|A Case of Discovery
Exhibited at the Nature in Art Museum & Edward Jenner Museum, Gloucestershire
Project duration: January – June 2002
A Nature in Art Museum and Edward Jenner Museum, lottery funded project. As the invited artist leading the project, Sarah Bodman worked with students from Newent Community College; Nature in Art Museum and The Jenner Museum to produce two exhibitions of the students’ works and two unique book works inspired by and for the museum’s Natural History collection. The resulting works were exhibited at both museums during Museums and Galleries Month in the summer of 2002, a national scheme showing how museum collections can be used to inspire young and future artists.
Students from Newent Community College worked on the project from January – June 2000. The Edward Jenner Museum was used as one of the Case of Discovery case studies. The project developed ideas about natural history, using the work of artists and naturalists from the 18th and 19th Centuries as a starting point for making their artworks. The three case studies were: the artist Sarah Stone, the work of Edward Jenner (who discovered the vaccination for smallpox and was a keen naturalist) and the collection of artworks at the Nature in Art Museum, Gloucester. www.nature-in-art.org.uk
The students included both A Level and years 7 and 8 from Newent’s art, ceramics and graphics departments. The project included visits to both of the Museums and to UWE, Bristol to print some of the artworks included in the two final artists’ books.
The project began in January when Sarah visited Newent Community School with examples of her own and other artists’ books. In the same month, 30 students and their teachers visited Nature in Art and spent the day with Andrew Horn and Sarah. They were shown examples of prints, drawings and paintings by Sarah Stone, George Edwards, John Gould and Alexander Wilson. In the afternoon, they were set a project to make a book which reflected upon the morning’s discoveries.
As part of the project, examples of works by painters from early expeditions were shown. In 1687, Hans Sloane took four artists on his expedition to Jamaica, to record several hundred plants and flowers. This botany collection formed the beginnings of the Natural History Museum and can be seen online at http://internt.nhm.ac.uk/cgi-bin/botany/sloane/
One of case study artists discussed was Sarah Stone (c.1760-1844). Stone came from a family of fan painters and at 18 she was spotted drawing species and was commissioned to paint and draw the collection of Sir Ashton Lever for his Museum in London. She was a very talented artist who became famous during her own lifetime, completing over 1,000 detailed studies between the ages of 18 and 21. The State Library of New South Wales, Australia has some examples of Stone’s work online at www.sl.nsw.gov.au/online/pictorial.cfm follow the link to the album of 31 images by Sarah Stone.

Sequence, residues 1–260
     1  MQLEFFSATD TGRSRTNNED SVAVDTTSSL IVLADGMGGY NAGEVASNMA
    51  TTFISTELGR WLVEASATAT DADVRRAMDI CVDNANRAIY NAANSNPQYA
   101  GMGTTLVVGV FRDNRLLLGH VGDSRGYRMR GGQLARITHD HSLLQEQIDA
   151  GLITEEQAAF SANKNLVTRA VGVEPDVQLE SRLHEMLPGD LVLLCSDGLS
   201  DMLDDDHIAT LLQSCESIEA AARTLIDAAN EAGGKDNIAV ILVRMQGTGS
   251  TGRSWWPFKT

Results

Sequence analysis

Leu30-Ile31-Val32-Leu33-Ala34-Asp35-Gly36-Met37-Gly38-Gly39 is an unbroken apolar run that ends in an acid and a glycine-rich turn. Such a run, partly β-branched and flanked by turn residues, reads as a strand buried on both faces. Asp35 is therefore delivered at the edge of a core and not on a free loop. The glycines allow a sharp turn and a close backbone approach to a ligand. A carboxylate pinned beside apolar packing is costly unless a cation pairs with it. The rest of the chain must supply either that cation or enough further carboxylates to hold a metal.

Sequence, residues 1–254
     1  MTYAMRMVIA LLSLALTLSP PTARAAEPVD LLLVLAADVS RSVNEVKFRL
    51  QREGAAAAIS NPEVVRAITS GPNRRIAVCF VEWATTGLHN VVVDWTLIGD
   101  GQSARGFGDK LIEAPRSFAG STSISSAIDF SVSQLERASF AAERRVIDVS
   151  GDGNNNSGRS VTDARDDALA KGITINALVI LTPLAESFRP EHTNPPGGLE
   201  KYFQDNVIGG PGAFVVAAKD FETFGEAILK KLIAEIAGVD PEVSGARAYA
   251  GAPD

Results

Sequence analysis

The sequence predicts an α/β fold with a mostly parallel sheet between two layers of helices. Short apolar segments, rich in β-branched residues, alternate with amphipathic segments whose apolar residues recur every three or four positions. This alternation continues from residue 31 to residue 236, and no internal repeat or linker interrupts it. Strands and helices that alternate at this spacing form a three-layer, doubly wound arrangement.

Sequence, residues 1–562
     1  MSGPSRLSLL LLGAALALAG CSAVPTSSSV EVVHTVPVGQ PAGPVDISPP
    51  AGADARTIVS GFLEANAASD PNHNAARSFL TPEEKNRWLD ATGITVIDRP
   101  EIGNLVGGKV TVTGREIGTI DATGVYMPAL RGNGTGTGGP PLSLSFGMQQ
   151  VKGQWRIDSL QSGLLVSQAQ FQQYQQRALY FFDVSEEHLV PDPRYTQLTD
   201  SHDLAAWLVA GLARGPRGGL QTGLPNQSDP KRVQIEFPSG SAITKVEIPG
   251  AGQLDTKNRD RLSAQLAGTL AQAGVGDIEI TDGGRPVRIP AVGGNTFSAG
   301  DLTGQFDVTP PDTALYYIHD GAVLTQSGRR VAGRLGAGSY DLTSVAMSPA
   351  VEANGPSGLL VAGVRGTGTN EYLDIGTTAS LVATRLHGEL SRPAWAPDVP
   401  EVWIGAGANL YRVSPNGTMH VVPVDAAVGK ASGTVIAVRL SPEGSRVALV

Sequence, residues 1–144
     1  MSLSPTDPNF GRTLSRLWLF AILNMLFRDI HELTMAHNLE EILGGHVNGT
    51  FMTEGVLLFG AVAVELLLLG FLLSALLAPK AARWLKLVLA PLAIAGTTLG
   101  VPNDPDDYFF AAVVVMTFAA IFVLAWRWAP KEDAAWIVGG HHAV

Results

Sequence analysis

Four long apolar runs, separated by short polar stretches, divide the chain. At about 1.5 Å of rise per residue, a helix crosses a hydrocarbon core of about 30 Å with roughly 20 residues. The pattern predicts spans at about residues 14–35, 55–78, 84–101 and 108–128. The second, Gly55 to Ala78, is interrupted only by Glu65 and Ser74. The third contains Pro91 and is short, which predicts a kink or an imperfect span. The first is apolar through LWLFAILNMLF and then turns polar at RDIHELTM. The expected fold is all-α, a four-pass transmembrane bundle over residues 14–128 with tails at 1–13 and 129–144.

In April, the students had a group visit with their teachers and Sarah, to the Edward Jenner Museum, where everyone had an opportunity to look at some of Jenner’s work and personal effects with guidance from the curator Vicky Dawson. Artefacts and works were recorded on digital cameras for some of the students from other years who were also contributing to the project. www.jennermuseum.com
In June, 10 of the students spent a day at UWE, Bristol, working with Dave Fortune, Sarah and their teachers to print some editions of their drawings from the project for the final exhibitions and to make some of the artworks for the two artists’ books.
The project resulted in two exhibitions of the students’ works at Nature in Art and the Edward Jenner Museum, alongside some of Sarah’s artists’ books. As part of the final project, two unique boxed artists’ books were created by Sarah and the students, one jointly held by the two museums to be used in future teaching and collaborative projects and one by Newent Community College. The artists’ book, boxed cases were specially made for the project by Guy Begbie.
This project was very generously supported by Daler-Rowney (thanks to Colin Heathfield) who provided materials to make many of the artworks, and by Inveresk Papers at St Cuthbert’s Mill (thanks to Richard Dixon-Wright) who provided the Somerset Satin artists’ papers for the two large scale artists’ books.